Permission to burn it down
Good fiction shouldn’t be safe, and revision shouldn’t be easy. The goal isn’t to avoid complications, but to welcome them.
Last weekend I decided to clean out my closet with a zest I can only describe as ruthless.
Haven’t worn this dress in a year? Out.
No strong feelings about these pants? Out.
Perfectly fine shirt but the sleeves are a centimeter too long? Out.
By Sunday evening, my wardrobe was at least a third smaller, and consisted only of items I regularly wear and genuinely like. When I got dressed the next morning (AKA slipped into slightly nicer sweatpants for another WFH day) I didn't feel like a new person, per se. Instead, I felt like my closet had finally caught up to the person I'd become.
I've always been a bit zealous about getting rid of things, but this feels different. Part of it is because I'm finally revising the first draft of my new book, a process which is bleeding into other areas of my life. I’m still using The Last Draft as a guide, and it has revolutionized my approach to revision. In the past, I was too precious about each passage, and while I made big changes here and there, a lot of my “revision” was just editing - improving sentences rather than overhauling structure. No wonder I’ve yet to sell a novel!
This time, I am ruthlessly dissecting the book and examining it piece by piece. Whether it's pulling apart a scene and identifying how it moves the plot forward, or interrogating the role of a minor character, or fleshing out setting so it informs the action, I'm uncovering new ideas, finding patterns, refining my vision, and - most importantly - cutting what doesn't serve the story.
When it comes to writing, I tend to take the easy way out, writing around the things I don't understand, or leaning too heavily on white space and asking the reader to fill in the blanks. But this process is helping me remember that me that good fiction shouldn’t be safe, and revision shouldn’t be easy. The goal isn’t to avoid complications, but to welcome them. To let them challenge and change me, as a writer and as a person.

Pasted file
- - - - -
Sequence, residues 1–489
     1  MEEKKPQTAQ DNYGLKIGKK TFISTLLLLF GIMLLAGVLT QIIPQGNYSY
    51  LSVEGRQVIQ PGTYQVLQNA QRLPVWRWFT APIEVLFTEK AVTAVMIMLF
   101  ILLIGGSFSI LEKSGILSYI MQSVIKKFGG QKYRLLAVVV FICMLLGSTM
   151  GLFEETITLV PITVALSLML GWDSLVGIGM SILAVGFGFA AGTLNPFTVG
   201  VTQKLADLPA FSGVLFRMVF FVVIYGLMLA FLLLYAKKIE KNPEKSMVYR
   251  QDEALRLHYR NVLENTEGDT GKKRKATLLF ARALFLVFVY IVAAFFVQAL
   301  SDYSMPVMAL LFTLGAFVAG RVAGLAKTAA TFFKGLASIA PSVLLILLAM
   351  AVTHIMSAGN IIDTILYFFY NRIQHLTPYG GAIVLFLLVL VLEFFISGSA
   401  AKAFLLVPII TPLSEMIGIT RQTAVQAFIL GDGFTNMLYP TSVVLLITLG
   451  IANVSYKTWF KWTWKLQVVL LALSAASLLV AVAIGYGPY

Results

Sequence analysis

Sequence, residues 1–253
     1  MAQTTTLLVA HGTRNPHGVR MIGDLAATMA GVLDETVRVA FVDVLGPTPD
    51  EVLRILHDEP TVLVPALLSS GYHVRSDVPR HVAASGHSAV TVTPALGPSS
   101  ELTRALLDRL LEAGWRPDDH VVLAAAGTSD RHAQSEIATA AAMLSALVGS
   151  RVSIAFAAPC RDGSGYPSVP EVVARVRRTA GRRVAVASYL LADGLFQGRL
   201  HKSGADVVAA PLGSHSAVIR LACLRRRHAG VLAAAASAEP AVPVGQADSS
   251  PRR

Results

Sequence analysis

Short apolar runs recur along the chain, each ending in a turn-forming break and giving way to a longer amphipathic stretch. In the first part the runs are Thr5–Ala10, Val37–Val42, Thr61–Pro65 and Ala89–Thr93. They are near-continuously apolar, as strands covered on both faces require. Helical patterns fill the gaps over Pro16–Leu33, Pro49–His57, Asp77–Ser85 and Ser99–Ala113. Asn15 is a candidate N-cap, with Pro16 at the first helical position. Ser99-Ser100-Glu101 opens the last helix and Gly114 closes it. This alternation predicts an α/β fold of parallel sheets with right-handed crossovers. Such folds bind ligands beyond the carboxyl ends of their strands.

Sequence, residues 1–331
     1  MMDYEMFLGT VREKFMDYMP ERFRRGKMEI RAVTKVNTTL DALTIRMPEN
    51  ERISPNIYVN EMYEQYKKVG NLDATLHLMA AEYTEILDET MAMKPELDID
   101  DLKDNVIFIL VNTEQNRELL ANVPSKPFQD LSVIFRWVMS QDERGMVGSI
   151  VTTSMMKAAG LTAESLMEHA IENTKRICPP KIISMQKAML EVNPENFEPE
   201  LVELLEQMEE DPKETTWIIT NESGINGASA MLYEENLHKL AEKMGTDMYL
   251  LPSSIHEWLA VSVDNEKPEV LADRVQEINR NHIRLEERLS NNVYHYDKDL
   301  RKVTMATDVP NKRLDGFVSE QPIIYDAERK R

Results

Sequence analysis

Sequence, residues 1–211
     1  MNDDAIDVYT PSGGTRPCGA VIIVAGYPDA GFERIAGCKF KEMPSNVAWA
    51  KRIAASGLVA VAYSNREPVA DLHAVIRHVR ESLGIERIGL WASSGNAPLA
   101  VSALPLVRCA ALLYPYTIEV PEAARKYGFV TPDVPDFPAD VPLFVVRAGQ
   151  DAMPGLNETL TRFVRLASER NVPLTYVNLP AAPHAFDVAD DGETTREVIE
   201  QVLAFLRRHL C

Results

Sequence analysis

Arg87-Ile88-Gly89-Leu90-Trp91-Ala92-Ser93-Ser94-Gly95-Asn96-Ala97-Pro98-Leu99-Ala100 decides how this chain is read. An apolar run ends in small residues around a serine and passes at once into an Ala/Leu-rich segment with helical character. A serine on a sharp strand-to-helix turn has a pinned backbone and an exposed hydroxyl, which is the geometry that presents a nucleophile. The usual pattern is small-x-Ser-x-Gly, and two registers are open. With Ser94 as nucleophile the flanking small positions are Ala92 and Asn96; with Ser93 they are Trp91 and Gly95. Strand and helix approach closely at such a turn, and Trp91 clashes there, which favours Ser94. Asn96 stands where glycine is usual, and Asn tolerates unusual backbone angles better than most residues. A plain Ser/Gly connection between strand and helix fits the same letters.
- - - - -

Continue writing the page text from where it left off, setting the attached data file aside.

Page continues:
Which makes me reconsider these last six months, and all the challenges and changes they've wrought. In the beginning of the pandemic, I tried to preserve my routines, my habits, my schedule. Eventually, those things that once brought me comfort began to feel silly. This was a different world with different rules. Why was I trying so hard to live by the old ones?
Revision is an opportunity to make new rules. To get rid of old clothes and rearrange my home office. To clean up my digital life and pause my membership at the YMCA. To delete 10,000 words and rewrite an entire subplot.
When the world changes, it's okay to change with it. To focus less on what you've lost, and more on what you might gain. 💛
Snack of the Week
Despite the fact that it's 2020, I've drastically cut down on my drinking, a process that is teaching me a lot about my relationship to alcohol and the world in general. That said, I still enjoy a fancy seasonal beer, and this one from Trader Joe's was a treat. Lots of coffee and peanut butter notes, which sound like a lot because it is! For the best experience, sip slowly and split it with someone. (I generously shared with my husband.)
You Could Make This Place Beautiful, Slate. I really enjoyed this profile of the poet who wrote "Good Bones," which went viral in 2016 and still makes me cry every time I read it. Great examination of art, grief, hope, and the double-edged sword of universal appeal. 🏚
Why You Should Always Read the Acknowledgements in Books, Penguin. Speaking of crying, I love reading the acknowledgements and often get choked up at particularly poignant ones. Others feel like a blatant excuse to name-drop or are obnoxiously self-important, and I roll my eyes. Basically, if you skip this part of a book, you are absolutely missing out! 📚
Why Americans Have Turned to Nesting, The Atlantic. Sharing this purely because I like trend pieces to which I 100% relate. Consider my freshly de-cluttered closets a casualty of pandemic-era nesting. 🔨
In newsletter land, I've been enjoying CRAFT TALK, a weekly missive about writing and publishing by Jami Attenberg. It's sort of what this newsletter is trying to do, except written by a prolific and extremely talented writer. Highly recommended! 💌
I quit Twitter, at least for a little while. I haven’t logged into my account since I sent my last newsletter - yet another example of how I am ruthlessly editing my life!!! - and guess what? I don’t miss it. This is a long winded way of saying I do not have a literary tweet to share this week, and I don’t know when I will again. I'm currently accepting recommendations for what should go in this spot instead. Let me know!
A Tiny Challenge
What are you holding on to, and why? This week, let something go - the bigger, the better. Maybe you'll regret it, but I bet you won't. 🌻
Thanks to Blair Richwood for the encouragement & donation last week!
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